This crucial point...implies the impossibility of any sharp separation between the behaviour of atomic objects [i.e., objects governed by quantum mechanics] and the interaction with the measuring instruments which serve to define the conditions under which the phenomena appear.... Consequently, evidence obtained under different experimental conditions cannot be comprehended within a single picture, but must be regarded as complementary in the sense that only the totality of the phenomena exhausts the possible information about the objects.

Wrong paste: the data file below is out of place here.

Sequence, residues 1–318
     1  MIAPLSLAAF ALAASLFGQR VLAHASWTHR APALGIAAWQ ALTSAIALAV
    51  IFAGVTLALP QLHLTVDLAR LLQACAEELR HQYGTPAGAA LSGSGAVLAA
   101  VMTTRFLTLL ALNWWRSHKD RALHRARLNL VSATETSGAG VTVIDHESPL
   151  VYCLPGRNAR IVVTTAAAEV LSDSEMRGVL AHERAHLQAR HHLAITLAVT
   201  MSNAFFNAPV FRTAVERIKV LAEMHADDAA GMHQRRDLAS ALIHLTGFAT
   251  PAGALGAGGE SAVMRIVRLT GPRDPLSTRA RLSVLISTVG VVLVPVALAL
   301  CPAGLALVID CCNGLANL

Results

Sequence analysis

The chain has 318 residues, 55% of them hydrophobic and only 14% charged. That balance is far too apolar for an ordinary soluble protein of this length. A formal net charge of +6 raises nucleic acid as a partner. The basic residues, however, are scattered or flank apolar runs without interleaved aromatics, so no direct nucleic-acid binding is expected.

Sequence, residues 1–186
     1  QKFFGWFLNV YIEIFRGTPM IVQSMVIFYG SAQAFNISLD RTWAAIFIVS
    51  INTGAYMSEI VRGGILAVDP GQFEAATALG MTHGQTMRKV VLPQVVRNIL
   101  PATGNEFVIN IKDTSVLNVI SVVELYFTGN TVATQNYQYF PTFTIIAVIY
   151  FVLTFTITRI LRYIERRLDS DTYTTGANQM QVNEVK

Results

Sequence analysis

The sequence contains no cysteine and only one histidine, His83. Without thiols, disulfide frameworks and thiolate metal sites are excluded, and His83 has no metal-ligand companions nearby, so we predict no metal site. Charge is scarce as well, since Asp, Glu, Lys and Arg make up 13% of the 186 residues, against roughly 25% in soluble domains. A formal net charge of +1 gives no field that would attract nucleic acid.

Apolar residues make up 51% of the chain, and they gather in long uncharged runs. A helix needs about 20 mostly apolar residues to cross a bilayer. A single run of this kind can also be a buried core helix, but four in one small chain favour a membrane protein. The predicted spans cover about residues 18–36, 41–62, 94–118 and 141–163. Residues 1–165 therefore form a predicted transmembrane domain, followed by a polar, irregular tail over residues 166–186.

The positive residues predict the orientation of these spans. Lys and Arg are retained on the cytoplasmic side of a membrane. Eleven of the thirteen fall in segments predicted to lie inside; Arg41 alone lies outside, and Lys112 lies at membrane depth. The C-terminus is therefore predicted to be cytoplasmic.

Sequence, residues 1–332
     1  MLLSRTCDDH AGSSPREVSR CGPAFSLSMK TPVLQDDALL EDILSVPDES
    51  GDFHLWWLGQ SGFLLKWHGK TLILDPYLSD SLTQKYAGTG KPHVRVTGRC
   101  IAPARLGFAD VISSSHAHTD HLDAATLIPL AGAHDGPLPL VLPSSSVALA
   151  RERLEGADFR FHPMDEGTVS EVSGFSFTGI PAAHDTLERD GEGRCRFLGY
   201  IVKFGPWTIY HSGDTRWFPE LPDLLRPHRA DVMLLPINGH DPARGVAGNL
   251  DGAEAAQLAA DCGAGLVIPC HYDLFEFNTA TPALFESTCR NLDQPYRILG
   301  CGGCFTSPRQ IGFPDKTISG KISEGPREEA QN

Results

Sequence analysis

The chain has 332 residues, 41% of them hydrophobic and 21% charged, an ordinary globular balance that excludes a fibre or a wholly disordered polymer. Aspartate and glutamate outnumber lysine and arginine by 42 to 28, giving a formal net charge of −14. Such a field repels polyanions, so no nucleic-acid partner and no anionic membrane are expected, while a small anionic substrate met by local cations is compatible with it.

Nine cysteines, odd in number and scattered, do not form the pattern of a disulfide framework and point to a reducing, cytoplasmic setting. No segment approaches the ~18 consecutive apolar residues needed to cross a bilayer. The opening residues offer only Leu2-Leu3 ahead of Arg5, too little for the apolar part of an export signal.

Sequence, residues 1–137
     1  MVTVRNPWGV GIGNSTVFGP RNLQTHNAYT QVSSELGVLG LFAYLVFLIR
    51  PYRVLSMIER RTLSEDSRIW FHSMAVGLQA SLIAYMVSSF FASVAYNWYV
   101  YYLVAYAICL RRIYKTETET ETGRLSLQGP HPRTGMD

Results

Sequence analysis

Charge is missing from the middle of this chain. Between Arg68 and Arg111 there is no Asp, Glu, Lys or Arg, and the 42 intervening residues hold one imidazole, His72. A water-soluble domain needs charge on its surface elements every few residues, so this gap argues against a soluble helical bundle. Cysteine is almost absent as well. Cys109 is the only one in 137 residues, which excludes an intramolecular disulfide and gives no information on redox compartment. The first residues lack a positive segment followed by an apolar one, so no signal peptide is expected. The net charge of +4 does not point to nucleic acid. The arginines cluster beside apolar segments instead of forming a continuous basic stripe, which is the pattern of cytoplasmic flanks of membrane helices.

Typically, one is taught that this means that an electron can either be a particle or a wave, depending on the circumstances. As we've gotten more used to using quantum mechanics, those qualitative descriptions seem less and less relevant. The electron's (or other small object's) behavior is governed by a wave-like equation at all times. The behavior that emerges at large scales involves the apparent disappearance of part of the resulting wave-like state. There remain some serious questions about the interpretation of that stage, but the complementarity principle is not really of any use in addressing these questions. The issues that it once helped with are now dealt with by descriptions of a process called decoherence, an intrinsic implication of the quantum theory without any extra philosophical baggage.
(published on 06/18/12)